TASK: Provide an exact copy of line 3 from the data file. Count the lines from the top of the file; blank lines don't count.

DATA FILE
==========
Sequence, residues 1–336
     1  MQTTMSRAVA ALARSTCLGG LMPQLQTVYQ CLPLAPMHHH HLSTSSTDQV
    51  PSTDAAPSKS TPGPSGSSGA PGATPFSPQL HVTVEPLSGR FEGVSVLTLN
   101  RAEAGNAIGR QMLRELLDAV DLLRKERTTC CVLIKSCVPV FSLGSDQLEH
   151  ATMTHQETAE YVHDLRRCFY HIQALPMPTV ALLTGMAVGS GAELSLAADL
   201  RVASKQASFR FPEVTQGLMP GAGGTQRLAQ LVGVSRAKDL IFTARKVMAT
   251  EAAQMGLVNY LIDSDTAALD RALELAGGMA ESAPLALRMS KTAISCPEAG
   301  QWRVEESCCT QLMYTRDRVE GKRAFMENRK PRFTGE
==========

    51  PSTDAAPSKS TPGPSGSSGA PGATPFSPQL HVTVEPLSGR FEGVSVLTLN